So little competent, indeed, that I should be at a loss to define his system, or to corroborate, of my own knowledge, the confidence which others have expressed. It seemed to me necessary to indicate that, for myself, I could not speak without some qualification or reserve, such as perhaps would only occur to a close student of Roman pathology. To do more, will be giving undue and unfair prominence to a parenthesis. It lays stress where there ought to be none, makes the deduction, the exception, greater than the positive statement, and gives me the air of a man whose praise is designed to convey a slur of suspicion.

That is why your letter with its formidable enclosure has afflicted me with dumbness. The doubt which I indicated in writing to you has been suggested chiefly by what passed in reference to Rosmini.

You will remember that you sent Liddon word that Rosmini wrote a very long defence of the little book which he was translating. He preferred not to make use of the information and not to see the book; and he avoided the subject when we met at Oxford. The reason is, that the Rosminians wish the Defence to be ignored, as it qualifies the submission of the author when the book defended was condemned.

The suppression injures nobody; it only puts the readers of the translation slightly off the scent, and gives an imperfect article instead of none. There is some trace of complicity with those who are interested in a suppressio veri. But it may have been due, as he was under obligations to them, and this is only preliminary matter.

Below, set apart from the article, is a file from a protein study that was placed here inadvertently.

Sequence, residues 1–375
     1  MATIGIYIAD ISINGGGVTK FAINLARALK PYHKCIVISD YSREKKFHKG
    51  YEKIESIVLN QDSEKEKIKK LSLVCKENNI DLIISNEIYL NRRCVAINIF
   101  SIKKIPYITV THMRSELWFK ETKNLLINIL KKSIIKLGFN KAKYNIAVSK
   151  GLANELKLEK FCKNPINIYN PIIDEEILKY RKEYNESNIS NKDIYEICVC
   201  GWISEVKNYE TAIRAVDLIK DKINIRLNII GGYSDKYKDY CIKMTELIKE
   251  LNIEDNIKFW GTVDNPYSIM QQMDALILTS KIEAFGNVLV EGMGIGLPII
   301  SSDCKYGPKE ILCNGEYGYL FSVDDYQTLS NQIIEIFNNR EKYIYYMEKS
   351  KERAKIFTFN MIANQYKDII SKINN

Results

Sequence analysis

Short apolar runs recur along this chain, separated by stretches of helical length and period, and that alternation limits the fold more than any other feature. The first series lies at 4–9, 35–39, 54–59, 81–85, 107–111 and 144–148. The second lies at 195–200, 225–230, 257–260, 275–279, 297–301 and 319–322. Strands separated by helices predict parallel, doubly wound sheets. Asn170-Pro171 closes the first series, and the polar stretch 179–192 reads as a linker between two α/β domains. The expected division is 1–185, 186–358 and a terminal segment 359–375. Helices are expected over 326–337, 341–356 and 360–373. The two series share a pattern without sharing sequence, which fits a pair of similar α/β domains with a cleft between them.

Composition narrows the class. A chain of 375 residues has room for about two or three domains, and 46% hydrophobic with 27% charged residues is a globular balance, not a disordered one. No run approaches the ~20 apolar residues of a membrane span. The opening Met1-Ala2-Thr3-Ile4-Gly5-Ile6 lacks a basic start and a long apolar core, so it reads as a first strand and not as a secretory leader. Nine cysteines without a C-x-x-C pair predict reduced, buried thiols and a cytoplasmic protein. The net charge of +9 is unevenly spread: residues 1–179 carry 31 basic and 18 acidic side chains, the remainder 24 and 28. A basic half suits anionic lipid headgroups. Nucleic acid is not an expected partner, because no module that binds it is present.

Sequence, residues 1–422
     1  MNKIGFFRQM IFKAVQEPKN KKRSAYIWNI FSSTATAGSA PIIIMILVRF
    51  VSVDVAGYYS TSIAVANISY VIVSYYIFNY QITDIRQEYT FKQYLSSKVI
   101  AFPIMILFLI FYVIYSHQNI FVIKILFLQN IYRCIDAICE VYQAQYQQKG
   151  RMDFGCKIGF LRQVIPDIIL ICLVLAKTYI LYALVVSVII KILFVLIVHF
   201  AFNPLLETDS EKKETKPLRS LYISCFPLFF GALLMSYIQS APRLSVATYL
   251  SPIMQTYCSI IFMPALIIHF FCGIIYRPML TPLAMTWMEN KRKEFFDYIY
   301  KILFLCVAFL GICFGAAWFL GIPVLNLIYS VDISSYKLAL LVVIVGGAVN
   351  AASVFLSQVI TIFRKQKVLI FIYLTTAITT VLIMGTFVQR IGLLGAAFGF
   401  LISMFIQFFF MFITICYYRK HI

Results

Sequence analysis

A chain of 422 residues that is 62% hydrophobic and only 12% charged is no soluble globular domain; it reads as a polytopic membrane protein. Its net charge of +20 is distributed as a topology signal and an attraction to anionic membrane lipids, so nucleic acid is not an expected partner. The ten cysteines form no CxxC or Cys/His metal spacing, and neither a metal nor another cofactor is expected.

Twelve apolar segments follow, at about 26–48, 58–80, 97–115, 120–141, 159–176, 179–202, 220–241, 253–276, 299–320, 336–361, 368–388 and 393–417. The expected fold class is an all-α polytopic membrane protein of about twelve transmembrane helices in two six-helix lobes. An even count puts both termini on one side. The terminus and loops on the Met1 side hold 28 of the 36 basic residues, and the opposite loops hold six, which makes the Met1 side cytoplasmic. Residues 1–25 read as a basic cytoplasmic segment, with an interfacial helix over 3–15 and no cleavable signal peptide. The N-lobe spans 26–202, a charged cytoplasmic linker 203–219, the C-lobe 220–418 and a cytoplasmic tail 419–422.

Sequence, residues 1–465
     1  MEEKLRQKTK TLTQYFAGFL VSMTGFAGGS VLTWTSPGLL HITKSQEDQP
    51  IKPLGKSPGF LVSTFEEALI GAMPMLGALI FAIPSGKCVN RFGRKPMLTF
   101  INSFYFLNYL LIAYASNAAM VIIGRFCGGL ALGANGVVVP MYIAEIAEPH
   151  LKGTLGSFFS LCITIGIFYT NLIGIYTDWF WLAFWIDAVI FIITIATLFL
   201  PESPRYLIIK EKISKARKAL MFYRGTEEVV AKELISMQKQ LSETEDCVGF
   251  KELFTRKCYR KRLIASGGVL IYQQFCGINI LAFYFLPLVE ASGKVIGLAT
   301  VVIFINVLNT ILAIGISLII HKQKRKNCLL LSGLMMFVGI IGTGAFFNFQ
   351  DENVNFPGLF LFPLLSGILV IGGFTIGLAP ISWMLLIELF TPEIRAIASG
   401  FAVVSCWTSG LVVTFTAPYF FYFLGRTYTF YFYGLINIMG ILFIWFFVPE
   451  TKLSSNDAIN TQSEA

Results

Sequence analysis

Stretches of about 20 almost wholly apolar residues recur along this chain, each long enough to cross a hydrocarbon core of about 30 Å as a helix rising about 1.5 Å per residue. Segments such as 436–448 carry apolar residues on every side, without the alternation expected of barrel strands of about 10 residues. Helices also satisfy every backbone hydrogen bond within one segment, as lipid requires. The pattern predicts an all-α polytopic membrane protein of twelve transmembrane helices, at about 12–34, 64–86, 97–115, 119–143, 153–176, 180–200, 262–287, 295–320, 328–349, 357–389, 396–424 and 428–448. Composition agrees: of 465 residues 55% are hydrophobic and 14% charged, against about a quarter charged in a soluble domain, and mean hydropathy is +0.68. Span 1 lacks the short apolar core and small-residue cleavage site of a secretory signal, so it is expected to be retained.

My real difficulty is, that he speaks of his author with great respect, and evidently thinks his doctrine sound and profitable.

Now Rosmini, allowing for some superficial proposals of reform, was a thorough believer in the Holy See. His book itself, by the nature of the reforms proposed, implies that no other defects of equal magnitude remain to be remedied. Apart from the Five points he accepts the papacy as it stands; and he has no great objection to it, Five points included.

He was what we vulgarly call an ultramontane—a reluctant ultramontane, like Lacordaire. An Anglican who views with satisfaction, with admiration, the moral character and spiritual condition of an Ultramontane priest, appears to me to have got over the principal obstacle on the way to Rome—the moral obstacle. The moral obstacle, to put it compendiously, is the Inquisition.